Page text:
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21 December 2020 How strong are eggs of the common cuckoo Cuculus canorus?
Jaroslav Picman, Marcel Honza
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The common cuckoo Cuculus canorus is an obligate brood parasite that lays its eggs in the nests of small passerines. It has long been hypothesized that cuckoo eggs should be structurally stronger than host eggs or those of non-parasitic cuckoos to reduce chances of breakage during laying, to prevent accidental damage during incubation and/or to hinder their rejection through puncture ejection by the host. Therefore, we analysed selected characteristics of a sample of freshly laid eggs of the common cuckoo with two of its major hosts, the reed warbler Acrocephalus scirpaceus and great reed warbler Acrocephalus arundinaceus, and a sample of species with known puncture resistant eggs. We found that in puncture resistance tests cuckoo eggs tolerated on average 231 g. The cuckoo eggs were 3.3 and 2.5 times stronger than those of the reed warbler and great reed warbler, respectively. Greater shell thickness can explain only 17% of the total extra strength of the cuckoo eggs (125.97 g). When we controlled for the confounding effects of egg size (using a sample of eggs of normal strength from bird species of varying size), the common cuckoo eggs were 2.2 times stronger than expected for their size. Our results are consistent with the hypothesis that cuckoo eggs are structurally stronger and this trait probably represents an adaptation for a brood parasitic life style.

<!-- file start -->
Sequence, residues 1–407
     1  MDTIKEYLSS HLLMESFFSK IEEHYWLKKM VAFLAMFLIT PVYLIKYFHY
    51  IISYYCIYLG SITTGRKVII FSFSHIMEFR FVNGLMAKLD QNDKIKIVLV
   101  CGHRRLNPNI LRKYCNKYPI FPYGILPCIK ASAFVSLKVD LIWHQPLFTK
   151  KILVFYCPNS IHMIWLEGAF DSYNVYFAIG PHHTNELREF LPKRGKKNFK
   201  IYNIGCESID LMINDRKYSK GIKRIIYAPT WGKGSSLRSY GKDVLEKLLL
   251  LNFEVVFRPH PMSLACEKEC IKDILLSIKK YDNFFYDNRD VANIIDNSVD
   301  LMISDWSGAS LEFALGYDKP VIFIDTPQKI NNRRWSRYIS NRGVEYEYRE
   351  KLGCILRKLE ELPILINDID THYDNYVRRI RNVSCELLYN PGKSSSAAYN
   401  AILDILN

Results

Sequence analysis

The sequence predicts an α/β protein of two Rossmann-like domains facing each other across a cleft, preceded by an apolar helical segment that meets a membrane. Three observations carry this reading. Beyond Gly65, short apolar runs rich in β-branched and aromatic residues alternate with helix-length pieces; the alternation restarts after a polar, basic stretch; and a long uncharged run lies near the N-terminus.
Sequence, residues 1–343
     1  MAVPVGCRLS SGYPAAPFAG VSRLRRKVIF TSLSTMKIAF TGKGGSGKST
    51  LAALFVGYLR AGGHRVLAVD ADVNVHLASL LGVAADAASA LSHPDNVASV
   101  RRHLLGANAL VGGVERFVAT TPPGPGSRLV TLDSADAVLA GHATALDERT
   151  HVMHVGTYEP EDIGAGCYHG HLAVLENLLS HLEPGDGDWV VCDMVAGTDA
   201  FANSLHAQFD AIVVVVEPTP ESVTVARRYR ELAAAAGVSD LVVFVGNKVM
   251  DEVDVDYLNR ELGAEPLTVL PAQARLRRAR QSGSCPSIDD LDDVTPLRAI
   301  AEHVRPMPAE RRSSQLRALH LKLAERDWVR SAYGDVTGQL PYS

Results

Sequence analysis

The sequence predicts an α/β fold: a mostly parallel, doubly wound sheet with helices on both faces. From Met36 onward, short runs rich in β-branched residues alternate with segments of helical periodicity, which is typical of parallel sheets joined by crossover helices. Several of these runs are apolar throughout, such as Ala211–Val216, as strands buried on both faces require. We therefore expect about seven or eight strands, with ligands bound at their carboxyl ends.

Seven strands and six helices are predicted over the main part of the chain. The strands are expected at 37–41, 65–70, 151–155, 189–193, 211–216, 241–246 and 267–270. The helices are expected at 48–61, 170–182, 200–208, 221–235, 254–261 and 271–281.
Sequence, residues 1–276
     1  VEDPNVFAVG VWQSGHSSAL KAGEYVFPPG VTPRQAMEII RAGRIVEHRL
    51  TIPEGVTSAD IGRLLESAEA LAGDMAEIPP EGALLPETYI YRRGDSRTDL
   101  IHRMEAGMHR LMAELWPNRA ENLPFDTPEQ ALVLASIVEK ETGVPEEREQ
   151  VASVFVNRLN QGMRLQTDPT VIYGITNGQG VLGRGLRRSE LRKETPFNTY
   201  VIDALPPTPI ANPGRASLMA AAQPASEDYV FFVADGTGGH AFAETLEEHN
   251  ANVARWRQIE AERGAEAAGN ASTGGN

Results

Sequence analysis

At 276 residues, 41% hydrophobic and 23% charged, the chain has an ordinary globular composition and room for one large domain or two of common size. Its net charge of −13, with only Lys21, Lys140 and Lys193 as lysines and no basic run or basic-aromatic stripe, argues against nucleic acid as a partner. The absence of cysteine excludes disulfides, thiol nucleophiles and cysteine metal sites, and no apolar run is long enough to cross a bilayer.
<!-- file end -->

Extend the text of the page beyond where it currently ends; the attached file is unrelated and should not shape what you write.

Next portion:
One of the remarkable adaptations which has evolved during coevolution between obligate brood parasites (cuckoos and cowbirds) and their hosts is the strength of their egg shells. Since the pioneering work by Swynnerton (1918) who was the first to suggest that the thick egg shell of the common cuckoo Cuculus canorus (hereafter cuckoo) may function as a mechanism for preventing breakage by puncturing prior to rejection by the small hosts, several studies have been published. Studies by Lack (1968), Rahn et al. (1988), Picman (1989a), Picman & Pribil (1997) and Antonov et al. (2006) indicated that brood parasitic eggs are stronger. Similarly, Honza et al. (2001) without specifying quantitative data on cuckoo egg shell strength concluded that cuckoos possess several mechanisms to overcome the problems of hatching from a structurally strong egg. On the other hand, Brooker & Brooker (1991) recorded that Cuculus eggs are not stronger than those of their hosts. Swynnerton´s idea, later postulated as the “puncture resistance hypothesis” has been supported by some findings of Spaw & Rohwer (1987) and also by Antonov et al. (2006). This explanation seems to be logical as many smaller cuckoo hosts are known as puncture ejectors, i.e. those which first have to puncture the egg in order to carry it in the bill and remove it from the nest.